In May 1989, plaintiff M. Wylene Staples ("Staples") sought treatment from Dr. Sarwat A. Bhatti for an ailment unrelated to the present case. At that time Staples also requested a mammography examination, which was performed on June 1, 1989, at Henry General Hospital. Staples went to Bhatti for a follow-up visit on June 2, 1989, and Bhatti informed her that she had not yet received the mammogram results. It is undisputed that Bhatti subsequently received a written report of the mammogram results and that the report indicated the possibility of cancer. According to Staples, neither Bhatti nor her staff contacted her concerning the results, although Bhatti had informed her she would be notified if the mammogram revealed any abnormalities. 1
Several years later, in late March 1992, Staples discovered a lump in her breast while on a hunting trip. Staples returned early from her trip and immediately sought medical treatment, including a mammography examination which was performed in early April 1992. Staples also obtained a copy of the 1989 mammogram report, and according to her, learned for the first time that the report indicated the presence of breast cancer. The 1992 mammogram revealed an ill-defined mass measuring approximately two centimeters in diameter located in the spot "where there were clustered calcifications noted on the  prior examination." A biopsy revealed the mass was cancerous, and a modified radical mastectomy was performed on Staples' right breast on April 14, 1992. The surgery and resulting pathology report revealed that the cancer in Staples' breast had spread to one of her lymph nodes.
Staples and her husband James brought this medical malpractice and loss of consortium action against Bhatti and the Multispecialty Medical Surgical Center, P. C. on April 1, 1993, contending that Bhatti was negligent in failing to inform her of the 1989 mammogram results. Defendants moved for summary judgment, contending, inter alia, that plaintiffs' cause of action was barred by the two-year statute of limitation contained in OCGA 9-3-71
. Plaintiffs attempted to amend their complaint, alleging that the statute of limitation was tolled by fraud. The trial court granted defendants' motion, and plaintiffs filed the present appeal to this court.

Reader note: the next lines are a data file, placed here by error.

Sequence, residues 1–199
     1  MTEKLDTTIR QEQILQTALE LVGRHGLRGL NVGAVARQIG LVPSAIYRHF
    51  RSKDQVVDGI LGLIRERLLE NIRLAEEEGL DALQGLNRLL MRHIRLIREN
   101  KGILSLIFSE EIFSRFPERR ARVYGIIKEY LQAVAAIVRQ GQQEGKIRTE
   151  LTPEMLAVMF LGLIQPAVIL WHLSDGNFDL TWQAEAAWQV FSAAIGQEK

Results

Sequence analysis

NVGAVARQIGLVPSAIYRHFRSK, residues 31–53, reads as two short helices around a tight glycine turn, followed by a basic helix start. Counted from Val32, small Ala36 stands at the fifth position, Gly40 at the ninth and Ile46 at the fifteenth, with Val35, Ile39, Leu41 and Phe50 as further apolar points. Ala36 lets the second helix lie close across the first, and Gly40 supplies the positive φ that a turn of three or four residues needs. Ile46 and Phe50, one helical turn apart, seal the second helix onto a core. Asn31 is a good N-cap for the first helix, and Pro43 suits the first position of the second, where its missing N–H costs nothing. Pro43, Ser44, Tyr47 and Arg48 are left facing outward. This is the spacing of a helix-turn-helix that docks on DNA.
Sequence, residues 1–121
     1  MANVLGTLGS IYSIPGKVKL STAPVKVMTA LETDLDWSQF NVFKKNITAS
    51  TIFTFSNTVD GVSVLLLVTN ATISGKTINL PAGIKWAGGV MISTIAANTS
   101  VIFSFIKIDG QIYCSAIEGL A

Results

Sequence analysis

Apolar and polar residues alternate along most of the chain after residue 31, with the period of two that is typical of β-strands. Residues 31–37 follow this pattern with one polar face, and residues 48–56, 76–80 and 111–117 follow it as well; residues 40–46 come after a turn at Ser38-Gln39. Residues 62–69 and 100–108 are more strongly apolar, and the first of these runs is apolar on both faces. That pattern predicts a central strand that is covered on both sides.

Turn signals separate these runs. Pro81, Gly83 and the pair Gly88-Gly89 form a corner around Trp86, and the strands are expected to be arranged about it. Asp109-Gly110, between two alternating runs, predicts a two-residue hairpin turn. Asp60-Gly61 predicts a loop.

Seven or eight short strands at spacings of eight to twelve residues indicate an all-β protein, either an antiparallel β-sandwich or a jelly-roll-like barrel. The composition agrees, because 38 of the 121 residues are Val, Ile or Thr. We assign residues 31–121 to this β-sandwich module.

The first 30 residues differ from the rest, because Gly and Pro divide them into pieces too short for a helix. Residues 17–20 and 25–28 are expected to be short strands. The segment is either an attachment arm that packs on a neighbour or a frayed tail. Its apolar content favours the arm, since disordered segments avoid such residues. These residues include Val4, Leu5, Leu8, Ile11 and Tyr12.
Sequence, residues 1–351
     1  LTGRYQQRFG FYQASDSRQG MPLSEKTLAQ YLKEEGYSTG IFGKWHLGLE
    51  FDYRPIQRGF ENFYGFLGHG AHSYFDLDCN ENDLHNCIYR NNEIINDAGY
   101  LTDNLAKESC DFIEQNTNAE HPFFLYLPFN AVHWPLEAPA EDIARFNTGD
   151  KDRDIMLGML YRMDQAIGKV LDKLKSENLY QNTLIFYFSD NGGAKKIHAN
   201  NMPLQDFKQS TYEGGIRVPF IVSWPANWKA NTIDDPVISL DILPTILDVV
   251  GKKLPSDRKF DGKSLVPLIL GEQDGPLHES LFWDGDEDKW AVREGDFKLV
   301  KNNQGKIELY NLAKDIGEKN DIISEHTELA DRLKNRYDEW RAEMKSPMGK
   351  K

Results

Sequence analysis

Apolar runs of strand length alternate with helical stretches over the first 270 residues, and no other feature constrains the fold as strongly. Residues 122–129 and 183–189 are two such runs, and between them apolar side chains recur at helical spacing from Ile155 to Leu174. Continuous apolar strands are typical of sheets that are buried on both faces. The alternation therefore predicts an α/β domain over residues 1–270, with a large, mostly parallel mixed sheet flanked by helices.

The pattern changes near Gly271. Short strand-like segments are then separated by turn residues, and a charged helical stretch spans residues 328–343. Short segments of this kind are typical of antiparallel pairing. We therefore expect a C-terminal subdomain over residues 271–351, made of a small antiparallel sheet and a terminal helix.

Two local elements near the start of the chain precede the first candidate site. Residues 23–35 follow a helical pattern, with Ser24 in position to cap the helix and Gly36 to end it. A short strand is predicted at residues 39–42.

1. We agree with plaintiffs that the trial court erred in granting summary judgment on Staples' medical malpractice claim. OCGA 9-3-71
provides that "an action for medical malpractice shall be brought within two years after the date on which an injury or death arising from a negligent or wrongful act or omission occurred." "[T]he focus of OCGA 9-3-71
(a) is not the date of the negligent act but the consequence of the defendant's acts on the plaintiff.' Jones v. Lamon, 206 Ga. App. 842
, 845 (426 SE2d 657
) (1992)." Vitner v. Miller, 208 Ga. App. 306 (430 SE2d 671) (1993)
According to Staples' expert, the injury occasioned by Bhatti's alleged failure to inform Staples of her mammogram results occurred when the small cancer present in 1989 was allowed to grow in mass and to spread to Staples' lymph node, increasing the risk the cancer would metastasize to other sites and increasing the risk that it would prove fatal to Staples. Although the precise time of this injury cannot be pinpointed, it is undisputed that Staples remained symptom-free until late March, when she began experiencing pain in her breast, which caused her to immediately detect the lump or mass. Suit was filed approximately one year later, well within the two-year limitation period for medical malpractice actions. The trial court thus erred in granting summary judgment on the basis that the suit was barred by OCGA 9-3-71
(a). Zechmann v. Thigpen, 210 Ga. App. 726 (3) (437 SE2d 475) (1993)
; Vitner v. Miller, 208 Ga. App. at 307; Whitaker v. Zirkle, 188 Ga. App. 706 (1) (374 SE2d 106) (1988)
; see also Knight v. Sturm, 212 Ga. App. 391
, 392 (1) (442 SE2d 255
Harman, Owen, Saunders & Sweeney, David C. Will, for appellees.